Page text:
The setting sun had sculpted a vast sea monster edged with fire over the horizon. Pink candy floss clouds were engulfed by the encroaching darkness. Flashes of lightning illuminated a seemingly primordial world and as light was about to be extinguished, Rohan Susantha, the Alankuda Beach boatman opened the throttle and we sliced through a rising swell to return from another session at sea.
I had been out with my colleague Riaz Cader to develop pelagic tours for seabirds and marine mammals. We had a good session with a hitherto rarely seen Lesser Noddy (a kind of tern) making three abortive attempts to land on the canopy on our boat.
The next morning's session, five hours out at sea, was the stuff of dreams. Over five hundred Spinner Dolphins cavorted around our boat, as we headed out to the Sperm Whale hunting line, the 400m depth isocline at E 79 36. They spun and raced and bow rode for thirty exhilarating minutes before I asked Susantha to peel away in case our presence caused stress. In deeper water, at E 79 35, N 08 17, for me an area that is a seabird hot spot, I motioned Susantha to pull over to photograph a Persian Shearwater, a rare pelagic bird, perhaps seen by less than half a dozen Sri Lanka birders and possibly the third record from Sri Lanka. "Whale" yelled out the hawk-eyed Susantha distracting Riaz and me from the Persian Shearwater.
The Blue Whale slipped into the water and we circled around looking for it. After it slipped into the water for a third time a bird with a pale head and a black cap floating in the water at a distance caught my eye. I knew it was something very special and I told Susantha much to Riaz's dismay we must abandon the Blue Whale for the bird in the water.
It turned out to be a Long-tailed Skua, possibly the second record for Sri Lanka (if another previous record is accepted) and the fourth or fifth record for the Indian Sub-continent. The show by the Spinner Dolphins, a Blue Whale with Persian Shearwaters flying over it or the record of a Long-tailed Skua are three things of which a marine biologist or enthusiast would have settled for just one. We had all three in one amazing pelagic session in one morning on Sunday, April 11.
On April 1, I had sailed out of Mirissa with Jetwing Lighthouse naturalist Anoma Alagiyawadu. Also with me on the boat were my colleagues Hiran and Shiromal Cooray who were hoping for Blue Whales. My thoughts were, however, on pelagic seabirds. Pelagic refers to the open seas and pelagic seabirds are species of seabirds which do not come to land unless bad weather forces them close to shore or to the shore to rest when exhausted.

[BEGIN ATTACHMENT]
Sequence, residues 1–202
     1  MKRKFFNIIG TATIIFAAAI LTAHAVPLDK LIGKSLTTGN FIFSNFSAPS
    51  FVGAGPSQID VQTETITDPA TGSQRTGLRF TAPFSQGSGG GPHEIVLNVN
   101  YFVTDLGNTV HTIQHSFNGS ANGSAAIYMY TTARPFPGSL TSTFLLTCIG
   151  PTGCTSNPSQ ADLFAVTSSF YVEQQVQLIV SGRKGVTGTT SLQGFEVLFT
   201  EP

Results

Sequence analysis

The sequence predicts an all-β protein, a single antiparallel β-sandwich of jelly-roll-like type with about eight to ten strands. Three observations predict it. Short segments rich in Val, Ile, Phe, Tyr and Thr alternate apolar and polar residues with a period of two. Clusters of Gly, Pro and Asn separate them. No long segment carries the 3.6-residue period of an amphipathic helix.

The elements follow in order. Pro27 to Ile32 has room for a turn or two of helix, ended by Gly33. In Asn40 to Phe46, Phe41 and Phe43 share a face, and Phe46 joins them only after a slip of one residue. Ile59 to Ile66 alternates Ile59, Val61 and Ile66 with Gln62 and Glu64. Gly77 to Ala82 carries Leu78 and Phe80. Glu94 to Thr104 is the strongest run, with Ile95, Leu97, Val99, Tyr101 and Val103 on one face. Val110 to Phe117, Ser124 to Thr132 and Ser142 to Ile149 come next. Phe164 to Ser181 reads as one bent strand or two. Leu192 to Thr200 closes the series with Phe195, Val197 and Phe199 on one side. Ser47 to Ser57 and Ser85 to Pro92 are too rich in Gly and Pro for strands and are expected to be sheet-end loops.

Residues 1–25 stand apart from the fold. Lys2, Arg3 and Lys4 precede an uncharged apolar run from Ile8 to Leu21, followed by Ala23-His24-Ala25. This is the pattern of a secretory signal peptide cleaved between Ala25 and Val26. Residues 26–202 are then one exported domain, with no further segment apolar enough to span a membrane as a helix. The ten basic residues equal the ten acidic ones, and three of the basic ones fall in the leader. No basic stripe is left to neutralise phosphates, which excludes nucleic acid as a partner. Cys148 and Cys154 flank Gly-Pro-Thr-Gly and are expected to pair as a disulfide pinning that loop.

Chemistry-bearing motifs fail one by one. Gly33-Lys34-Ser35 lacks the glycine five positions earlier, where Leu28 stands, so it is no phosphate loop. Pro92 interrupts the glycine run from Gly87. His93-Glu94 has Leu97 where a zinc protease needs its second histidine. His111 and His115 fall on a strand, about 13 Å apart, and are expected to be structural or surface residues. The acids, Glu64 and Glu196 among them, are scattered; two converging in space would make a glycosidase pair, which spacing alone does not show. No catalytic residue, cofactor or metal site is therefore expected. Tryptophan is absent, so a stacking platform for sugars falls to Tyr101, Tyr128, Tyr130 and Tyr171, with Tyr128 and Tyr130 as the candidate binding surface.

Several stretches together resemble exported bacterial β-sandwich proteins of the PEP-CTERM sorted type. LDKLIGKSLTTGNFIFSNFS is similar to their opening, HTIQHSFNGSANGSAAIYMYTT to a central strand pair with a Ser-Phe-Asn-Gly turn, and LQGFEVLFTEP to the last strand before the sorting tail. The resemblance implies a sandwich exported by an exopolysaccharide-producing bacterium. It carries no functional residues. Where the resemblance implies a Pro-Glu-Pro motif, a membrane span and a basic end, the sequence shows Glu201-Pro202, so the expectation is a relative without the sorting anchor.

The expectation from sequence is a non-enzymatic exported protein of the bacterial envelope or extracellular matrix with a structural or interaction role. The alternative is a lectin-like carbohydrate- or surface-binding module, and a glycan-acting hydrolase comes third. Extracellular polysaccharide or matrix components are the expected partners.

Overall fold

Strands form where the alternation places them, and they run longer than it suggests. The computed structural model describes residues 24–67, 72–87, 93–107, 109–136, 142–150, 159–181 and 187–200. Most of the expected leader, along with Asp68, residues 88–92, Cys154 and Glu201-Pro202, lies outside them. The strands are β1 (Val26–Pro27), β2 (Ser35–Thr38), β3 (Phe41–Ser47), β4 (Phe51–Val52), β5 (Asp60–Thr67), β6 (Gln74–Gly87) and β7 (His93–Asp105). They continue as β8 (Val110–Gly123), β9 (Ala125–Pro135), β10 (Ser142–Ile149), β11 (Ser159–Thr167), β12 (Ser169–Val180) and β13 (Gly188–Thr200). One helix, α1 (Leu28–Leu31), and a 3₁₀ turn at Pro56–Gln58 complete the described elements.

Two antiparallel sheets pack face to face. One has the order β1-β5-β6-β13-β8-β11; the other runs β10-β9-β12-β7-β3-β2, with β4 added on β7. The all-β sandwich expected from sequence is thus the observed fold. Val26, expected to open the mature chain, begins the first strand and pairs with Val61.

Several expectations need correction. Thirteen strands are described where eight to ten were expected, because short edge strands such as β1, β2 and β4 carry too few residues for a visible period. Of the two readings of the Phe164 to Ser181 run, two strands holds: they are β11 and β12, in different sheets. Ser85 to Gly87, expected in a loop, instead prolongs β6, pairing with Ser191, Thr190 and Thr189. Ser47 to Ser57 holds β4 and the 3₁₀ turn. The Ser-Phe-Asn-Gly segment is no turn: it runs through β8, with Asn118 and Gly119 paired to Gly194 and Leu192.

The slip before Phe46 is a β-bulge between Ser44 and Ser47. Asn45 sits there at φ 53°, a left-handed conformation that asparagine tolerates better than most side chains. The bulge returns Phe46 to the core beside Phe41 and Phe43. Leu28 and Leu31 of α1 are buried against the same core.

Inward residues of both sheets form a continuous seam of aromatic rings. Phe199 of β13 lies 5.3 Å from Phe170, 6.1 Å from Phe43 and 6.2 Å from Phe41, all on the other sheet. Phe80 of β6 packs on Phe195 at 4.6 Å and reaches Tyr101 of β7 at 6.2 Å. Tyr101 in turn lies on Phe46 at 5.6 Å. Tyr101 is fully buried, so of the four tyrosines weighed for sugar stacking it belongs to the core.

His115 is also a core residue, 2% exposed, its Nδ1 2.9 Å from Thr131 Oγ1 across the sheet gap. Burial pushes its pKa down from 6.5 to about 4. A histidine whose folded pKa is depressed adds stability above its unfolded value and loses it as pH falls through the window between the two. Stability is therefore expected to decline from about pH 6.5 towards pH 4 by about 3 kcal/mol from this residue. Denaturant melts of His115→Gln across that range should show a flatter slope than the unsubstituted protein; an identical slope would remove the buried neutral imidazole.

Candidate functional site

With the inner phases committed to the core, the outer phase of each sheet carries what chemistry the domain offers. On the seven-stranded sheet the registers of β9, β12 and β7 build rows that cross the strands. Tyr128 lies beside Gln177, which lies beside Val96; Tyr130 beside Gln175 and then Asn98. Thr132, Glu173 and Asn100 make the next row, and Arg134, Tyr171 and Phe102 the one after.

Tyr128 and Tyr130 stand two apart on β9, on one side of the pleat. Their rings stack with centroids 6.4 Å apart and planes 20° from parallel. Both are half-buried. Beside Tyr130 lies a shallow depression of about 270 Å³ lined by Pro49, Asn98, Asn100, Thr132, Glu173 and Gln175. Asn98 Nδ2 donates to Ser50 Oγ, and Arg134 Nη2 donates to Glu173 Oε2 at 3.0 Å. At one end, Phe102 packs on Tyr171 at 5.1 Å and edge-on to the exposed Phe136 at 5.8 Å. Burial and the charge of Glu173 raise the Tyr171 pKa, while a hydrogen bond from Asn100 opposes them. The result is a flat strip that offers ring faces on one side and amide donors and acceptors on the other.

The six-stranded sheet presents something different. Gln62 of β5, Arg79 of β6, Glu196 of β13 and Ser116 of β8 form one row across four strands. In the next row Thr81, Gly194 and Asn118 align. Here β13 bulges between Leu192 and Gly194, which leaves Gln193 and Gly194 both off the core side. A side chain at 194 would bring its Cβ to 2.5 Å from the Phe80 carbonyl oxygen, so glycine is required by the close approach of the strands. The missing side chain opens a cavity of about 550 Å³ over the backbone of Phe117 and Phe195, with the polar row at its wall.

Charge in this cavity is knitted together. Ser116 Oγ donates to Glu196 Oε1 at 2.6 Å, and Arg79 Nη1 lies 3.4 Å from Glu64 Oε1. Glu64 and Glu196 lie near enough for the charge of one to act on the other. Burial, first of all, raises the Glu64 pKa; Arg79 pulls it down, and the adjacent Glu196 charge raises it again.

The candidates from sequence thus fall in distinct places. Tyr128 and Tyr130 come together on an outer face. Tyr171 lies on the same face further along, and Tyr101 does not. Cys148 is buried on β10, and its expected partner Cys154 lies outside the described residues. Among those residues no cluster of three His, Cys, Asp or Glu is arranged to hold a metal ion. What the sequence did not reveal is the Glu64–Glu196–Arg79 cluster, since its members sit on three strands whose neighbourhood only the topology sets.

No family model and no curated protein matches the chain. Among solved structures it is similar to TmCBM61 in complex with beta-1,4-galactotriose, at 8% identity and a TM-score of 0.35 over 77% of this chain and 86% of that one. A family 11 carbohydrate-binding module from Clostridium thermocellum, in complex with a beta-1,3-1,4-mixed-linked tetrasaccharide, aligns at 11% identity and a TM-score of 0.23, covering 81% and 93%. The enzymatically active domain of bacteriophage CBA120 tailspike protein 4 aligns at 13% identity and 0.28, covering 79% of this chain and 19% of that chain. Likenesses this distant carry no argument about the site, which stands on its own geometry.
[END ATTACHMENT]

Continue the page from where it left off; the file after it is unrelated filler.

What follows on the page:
|Rare birds: The Long-tailed Skua (Top Right) Lesser Noddy (Below Right) photographed off Kalpitiya and a Persian Shearwater (main picture) skimming the waves
My thoughts on how to go after the pelagic seabirds had been influenced on my time out at sea from Mirissa with British marine biologist Dr. Charles Anderson. It had been documented, perhaps for 20-30 years that the south-west monsoon brings in these rare seabirds. But conversations out at sea with an experienced scientist like Dr. Anderson somehow added the extra ingredient to make me realise that it may be possible to pursue the pelagics rather than leave it to chance. But from Mirissa, the sightings of pelagics were random and improved only when conditions started to become rough. When it was really rough we could not go out at all and the continental shelf although close to Dondra only pinched in there. Elsewhere it widened out again and shore-based watching did not seem attractive.
By April 2009, I had already honed in on what could be the site for the commercial development of pelagic tours. This was the Kalpitiya Peninsula. Once again there was a link with Dr. Charles Anderson who had led me onto the story that southern Sri Lanka was the best for Blue Whales. I had followed one of his leads to photograph the Pink Dolphins (Indo-Pacific Humpback Dolphins) in the Puttalam lagoon.
On March 7, 2010 in the Sunday Times, following another lead by Charles, I had explained why Kalpitiya will be the third apex of a whale watching triangle with Trincomalee and Mirissa. A key factor for its potential for whale watching and pelagic birds was the location of the edge of the continental shelf being close and running along a north-south axis, practically parallel to the Kalpitiya Peninsula.